4. Postpartum relapse to cigarette smoking in inner city women.

    PubMed Central

    Hymowitz, Norman; Schwab, Maria; McNerney, Christopher; Schwab, Joseph; Eckholdt, Haftan; Haddock, Keith

    2003-01-01

    Past studies suggest that African American women who quit smoking during pregnancy are more likely to relapse during the postpartum period than white women, although it is not intuitively clear why this should be the case. To shed further light on this issue, two studies were carried out to determine factors that influence smoking cessation during pregnancy and postpartum relapse to smoking in a predominantly low-income African American population. In Study 1, the women were asked to fill out a written survey, and in Study 2, women participated in a structured interview. The same variables that influence smoking cessation and postpartum relapse in the general population, such as nicotine addiction levels, smoking by other members of the household, lack of social support, stress, weight gain, behavioral intentions to quit temporarily, and quitting for others, as opposed to one's self, influenced the behavior of low-income inner city residents. These findings suggest that the difference in rates of postpartum relapse to smoking in African American women and the general population is a matter of degree, rather than kind. The implications of these findings for understanding postpartum relapse in general and assisting low-income women in particular were discussed. PMID:12856912

  5. Rationalizations and identity conflict following smoking relapse: a thematic analysis

    PubMed Central

    Wee, Lei Hum; Binti Ithnin, Azlyn Azmainie; West, Robert; Mohammad, Nihayah; Chan, Caryn Mei Hsien; Hasan Nudin, Siti Saadiah

    2017-01-01

    Abstract Introduction: Little is known about how smokers respond cognitively and emotionally to the experience of “late” relapse after the acute withdrawal phase. This study assessed the kinds of thoughts and feelings that emerge in order to provide a basis for quantitative research assessing prevalence of different types of response and implications for future quit attempts. Methods: Face-to-face in-depth interviews were conducted among 14 people attending a quit smoking clinic in Malaysia who had relapsed after at least 6 weeks of abstinence. Transcripts were analyzed using thematic analysis to enable emergence of important aspects of the experience. Results: Following relapse, smokers often engaged in rationalizations and activities to minimize worry about the harmful effects of smoking by switching to a lower-tar cigarette, reducing the number of cigarette smoked, attempting to reduce cigarette smoke inhalation, comparing themselves with other smokers, and minimizing the health risks associated with smoking. In some cases, smokers retained a “non-smoker” identity despite having relapsed. Conclusion: Smoking relapsers rationalize their failure to quit and minimize their health risk in order to protect their image as non-smokers while it remains a source of identity conflict. PMID:28217031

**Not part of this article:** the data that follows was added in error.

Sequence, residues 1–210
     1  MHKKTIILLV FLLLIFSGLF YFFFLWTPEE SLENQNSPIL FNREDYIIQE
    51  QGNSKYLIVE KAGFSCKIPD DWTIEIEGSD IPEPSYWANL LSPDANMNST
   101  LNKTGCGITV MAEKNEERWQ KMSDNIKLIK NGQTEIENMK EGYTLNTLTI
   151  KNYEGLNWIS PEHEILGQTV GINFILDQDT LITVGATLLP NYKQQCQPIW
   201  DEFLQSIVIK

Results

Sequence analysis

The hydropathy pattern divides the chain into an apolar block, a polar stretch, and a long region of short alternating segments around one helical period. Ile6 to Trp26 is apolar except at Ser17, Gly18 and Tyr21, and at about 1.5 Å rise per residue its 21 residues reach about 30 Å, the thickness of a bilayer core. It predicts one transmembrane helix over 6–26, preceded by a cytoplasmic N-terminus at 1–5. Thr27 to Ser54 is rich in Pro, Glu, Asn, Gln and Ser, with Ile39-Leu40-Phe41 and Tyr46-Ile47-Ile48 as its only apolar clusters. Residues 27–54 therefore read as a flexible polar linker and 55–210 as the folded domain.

6. Working Memory-Related Neural Activity Predicts Future Smoking Relapse

    PubMed Central

    Loughead, James; Wileyto, E Paul; Ruparel, Kosha; Falcone, Mary; Hopson, Ryan; Gur, Ruben; Lerman, Caryn

    2015-01-01

    Brief abstinence from smoking impairs cognition, particularly executive function, and this has a role in relapse to smoking. This study examined whether working memory-related brain activity predicts subsequent smoking relapse above and beyond standard clinical and behavioral measures. Eighty treatment-seeking smokers completed two functional magnetic resonance imaging sessions (smoking satiety vs 24 h abstinence challenge) during performance of a visual N-back task. Brief counseling and a short-term quit attempt followed. Relapse during the first 7 days was biochemically confirmed by the presence of the nicotine metabolite cotinine. Mean percent blood oxygen level-dependent (BOLD) signal change was extracted from a priori regions of interest: bilateral dorsolateral prefrontal cortex (DLPFC), medial frontal/cingulate gyrus, posterior cingulate cortex (PCC), and ventromedial prefrontal cortex. Signal from these brain regions and additional clinical measures were used to model outcome status, which was then validated with resampling techniques. Relapse to smoking was predicted by increased withdrawal symptoms, decreased left DLPFC and increased PCC BOLD percent signal change (abstinence vs smoking satiety). Receiver operating characteristic analysis demonstrated 81% area under the curve using these predictors, a significant improvement over the model with clinical variables only. The combination of abstinence-induced decreases in left DLPFC activation and reduced suppression of PCC may be a prognostic marker for poor outcome, specifically early smoking relapse. PMID:25469682

  7. Suppression of cancer relapse and metastasis by inhibiting cancer stemness.

    PubMed

    Li, Youzhi; Rogoff, Harry A; Keates, Sarah; Gao, Yuan; Murikipudi, Sylaja; Mikule, Keith; Leggett, David; Li, Wei; Pardee, Arthur B; Li, Chiang J

    2015-02-10